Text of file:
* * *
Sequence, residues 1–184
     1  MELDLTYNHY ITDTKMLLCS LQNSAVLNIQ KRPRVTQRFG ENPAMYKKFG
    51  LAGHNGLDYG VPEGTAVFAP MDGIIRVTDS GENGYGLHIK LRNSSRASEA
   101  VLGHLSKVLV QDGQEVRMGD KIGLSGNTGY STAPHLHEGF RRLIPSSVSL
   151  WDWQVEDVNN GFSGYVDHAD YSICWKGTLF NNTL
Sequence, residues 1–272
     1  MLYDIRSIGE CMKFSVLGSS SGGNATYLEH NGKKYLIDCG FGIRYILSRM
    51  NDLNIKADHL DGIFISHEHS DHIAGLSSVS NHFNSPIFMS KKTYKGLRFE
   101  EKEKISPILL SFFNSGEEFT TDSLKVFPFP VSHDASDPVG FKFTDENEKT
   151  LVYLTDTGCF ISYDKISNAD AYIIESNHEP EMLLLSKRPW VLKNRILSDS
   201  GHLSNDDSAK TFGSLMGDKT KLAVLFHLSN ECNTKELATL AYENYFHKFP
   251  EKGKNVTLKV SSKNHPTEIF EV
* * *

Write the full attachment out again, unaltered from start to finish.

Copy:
Sequence, residues 1–184
     1  MELDLTYNHY ITDTKMLLCS LQNSAVLNIQ KRPRVTQRFG ENPAMYKKFG
    51  LAGHNGLDYG VPEGTAVFAP MDGIIRVTDS GENGYGLHIK LRNSSRASEA
   101  VLGHLSKVLV QDGQEVRMGD KIGLSGNTGY STAPHLHEGF RRLIPSSVSL
   151  WDWQVEDVNN GFSGYVDHAD YSICWKGTLF NNTL
Sequence, residues 1–272
     1  MLYDIRSIGE CMKFSVLGSS SGGNATYLEH NGKKYLIDCG FGIRYILSRM
    51  NDLNIKADHL DGIFISHEHS DHIAGLSSVS NHFNSPIFMS KKTYKGLRFE
   101  EKEKISPILL SFFNSGEEFT TDSLKVFPFP VSHDASDPVG FKFTDENEKT
   151  LVYLTDTGCF ISYDKISNAD AYIIESNHEP EMLLLSKRPW VLKNRILSDS
   201  GHLSNDDSAK TFGSLMGDKT KLAVLFHLSN ECNTKELATL AYENYFHKFP
   251  EKGKNVTLKV SSKNHPTEIF EV